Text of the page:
Suddenly the perspective changes so that we're now standing across the room from Anne, who has dozed off. Here the change is deliberately confusing, but presumably we now play as Halperin. Or is Anne dreaming?
We leave the room in which Anne dozes, emerging in the Fairfax home. A group of State Troopers sit at the table in the dining room, a waitress inexplicably taking their order. In the living room, a group of friends and family members wait anxiously. One stands by the window smoking, which would totally stink up the house. 1992, it was a different time.
Walking past Lucas's crying mother in the kitchen, our agent discovers her husband nailing boards over Lucas's room. Why would he do that? That mystery will have to wait, because we notice a previously locked door down the hall now sits slightly open. Beyond it, we see only a strange red light.
Stepping into the red light, the scene changes and we're suddenly in the passenger seat of a fast-moving car. A white-haired gentleman is driving while smoking. The characters in this game do not have good lung health. The driver looks toward us for a moment, and then turns back to the road suddenly. The car is about to hit a woman who looks just like Agent Halperin!
At the moment of impact, the view shifts back to the room inside of Lucas's house. We're sitting on the bed once more. Turning to the right, we see the bison from earlier, just standing there watching us. Lights start to come in from a window off to the left. Turning in their direction, we see a red light and the scene shifts once again.
After a scene change, the two agents' car pulls up at the Old Mine from Lucas's drawing. The verdant area in front of the cave is known as the Quail Trail, although the trail has been overgrown by grasses. Behind the nearby fence lies an Air Force base. Foreboding signs adorn the fence, threatening the use of deadly force against trespassers.
Inside the cave, we find a habitable area with cups, chairs, and other signs of life. The area is lit by strung-up Christmas lights which are powered by a car battery. We hear a nearby bird. Following the sound, Anne discovers a part of the cave has been boarded up (not unlike Lucas's room). She pulls the boards off and finds a caged red cardinal.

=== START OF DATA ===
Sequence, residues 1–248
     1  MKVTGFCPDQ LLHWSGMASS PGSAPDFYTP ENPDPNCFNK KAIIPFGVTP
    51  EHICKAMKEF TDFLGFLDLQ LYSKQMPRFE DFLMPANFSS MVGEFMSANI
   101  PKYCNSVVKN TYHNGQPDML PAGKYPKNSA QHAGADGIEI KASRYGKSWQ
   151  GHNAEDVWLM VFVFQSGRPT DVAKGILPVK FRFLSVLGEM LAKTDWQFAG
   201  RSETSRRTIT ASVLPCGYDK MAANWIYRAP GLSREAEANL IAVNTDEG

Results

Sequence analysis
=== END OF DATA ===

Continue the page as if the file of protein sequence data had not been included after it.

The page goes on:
Anne takes the bird out and hands it to Halperin. Suddenly, we hear a rumble. A beam falls from overhead and knocks us both down. From the ground, Anne turns to see the beam lying across Halperin's motionless body. The demo ends.
Prepare to visit Virginia
We'll have to wait until September 22nd to discover the fate of Agent Halperin, the red cardinal, and poor Lucas Fairfax. Virginia will launch on Xbox One, PlayStation 4, and Steam at the price of $9.99. 505 Games doesn't describe this as an episodic game, either. You'll get the whole mystery in one game for a very reasonable price.
Knowing nothing about Virginia before I played the demo, I was really impressed by its narrative, surrealism, art style, and score. I hope to see a few improvements in the final version, though. The demo has an annoying camera bob when standing still that can't be turned off. That carries a real risk of inducing motion sickness if not corrected. Also, the main character walks a bit slowly and has no option to run.
Hopefully those issues will be fixed by the time Virginia launches in September. For gamers who enjoy Twin Peaks or mysteries in general, Virginia will definitely be worth investigating.